One of the best and most unexpected experiences for me happened on a trip to Cape Town, South Africa. I was staying in a hotel that was nice, had great rooms, and seemed to be average overall. During my two-week stay, I ate breakfast in the restaurant every morning. My usual breakfast consists of cereal, orange juice, and coffee, so the big extravagant buffets were not a positive. They cost me money. During the second week of my stay, the hostess approached me and said she needed to speak with me. She said that she had watched my selection of breakfast every day and didn’t think I should have to pay for the full buffet, so she had already asked her manager to give me a refund for my first week and every day during my stay. I was amazed and delighted.

What she displayed was a real interest in her customer and a proactive approach. Companies are made up of people, and your people have the opportunity to amaze and delight every day. Have you given them the tools and environment so they can? Have you given them the training and coaching so they can amaze and delight? Do you remind them on a regular basis of the opportunity they have to do this? If not, take the time to amaze and delight your team, so they can amaze and delight your customers, so they become your advocates.

I’ve told that story everywhere I go, and I am still writing about it 4 years later, because that doesn’t happen to me very often.

Your thoughts?

Johanna Lubahn is Managing Director of Call Center Services for Cohen Brown Management Group, Inc.

Doing What Is Right

tvsRecently I purchased a television. I had done some research ahead of time, but standing in front of 50+ televisions all flickering at me was a little intimidating. I began to question myself. So, when the salesperson approached me, I asked about LED, LCD, and Plasma. I asked, what does dpi mean? He appeared very knowledgeable in his responses and did not act as if I was the 10th person to pose these questions in the last four hours. He asked me some questions about where I would watch TV and what I would use the television for. Finally, I asked him, “I have narrowed it down to these two televisions. Which one would you buy?” Without hesitation, he told me his choice and why, and it wasn’t the most expensive of the two televisions. He sold me the right television for my needs without worrying that the other would have added to his sales for the month. He did what was right.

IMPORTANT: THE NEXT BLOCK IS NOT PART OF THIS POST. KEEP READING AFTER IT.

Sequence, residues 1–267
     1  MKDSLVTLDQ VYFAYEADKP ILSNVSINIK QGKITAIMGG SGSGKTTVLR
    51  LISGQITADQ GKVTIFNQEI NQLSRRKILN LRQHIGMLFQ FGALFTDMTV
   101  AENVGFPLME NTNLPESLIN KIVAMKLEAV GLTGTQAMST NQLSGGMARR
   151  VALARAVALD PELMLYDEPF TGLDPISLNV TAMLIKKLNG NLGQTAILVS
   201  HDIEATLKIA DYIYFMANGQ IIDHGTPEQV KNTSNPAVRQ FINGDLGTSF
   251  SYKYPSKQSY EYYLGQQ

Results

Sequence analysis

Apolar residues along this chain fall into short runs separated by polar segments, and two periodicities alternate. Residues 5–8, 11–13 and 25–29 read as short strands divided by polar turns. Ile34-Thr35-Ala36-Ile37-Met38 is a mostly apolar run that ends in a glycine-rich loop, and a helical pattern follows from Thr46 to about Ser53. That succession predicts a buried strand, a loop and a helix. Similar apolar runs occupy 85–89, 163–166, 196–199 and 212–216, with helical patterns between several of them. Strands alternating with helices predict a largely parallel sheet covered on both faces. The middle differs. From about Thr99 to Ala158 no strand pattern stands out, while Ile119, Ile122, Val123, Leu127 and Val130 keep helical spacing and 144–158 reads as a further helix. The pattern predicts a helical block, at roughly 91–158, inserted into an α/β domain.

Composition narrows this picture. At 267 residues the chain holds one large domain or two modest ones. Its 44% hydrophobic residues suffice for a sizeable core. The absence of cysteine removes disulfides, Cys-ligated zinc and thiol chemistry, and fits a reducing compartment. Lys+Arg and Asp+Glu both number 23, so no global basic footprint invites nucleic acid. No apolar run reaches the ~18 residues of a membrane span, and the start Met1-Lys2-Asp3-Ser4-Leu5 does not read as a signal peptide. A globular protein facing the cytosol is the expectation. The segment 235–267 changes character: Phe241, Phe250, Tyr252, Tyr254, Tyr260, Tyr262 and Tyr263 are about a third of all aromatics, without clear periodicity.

I highlighted a few of the phrases from my experience, as I think they are wonderful reminders to us as we are dealing with clients, members, or prospects. We should also keep a few things in mind:

  1. People who are not in financial services can be intimidated by the wide range of products we offer. And even if they aren’t intimidated, we should consider that, no matter how knowledgeable they are or may have been in the past, the rules and regulations change quickly and often.
  2. We need to be knowledgeable yet clear in our responses. That means we should avoid jargon and details that could be confusing. Having patience with those who have questions and concerns can build rapport and lead to retention of clients and members.
  3. Being consultative will allow us to determine the correct products and services for the person standing in front of us. For example, we can ask questions about how a person uses their checking account, or when they plan to use funds they are investing in a certificate of deposit.
  4. Making proper recommendations will provide financial benefits to the client or member, allowing them to make or save money, borrow money, protect their money, or save time in their banking.

The bottom line is that doing what is right for the client or member is the ultimate form of service.

Cynthia Whitmer Griffith is a Performance Results Network Results Consultant for Community Banks and Credit Unions at Cohen Brown Management Group, Inc.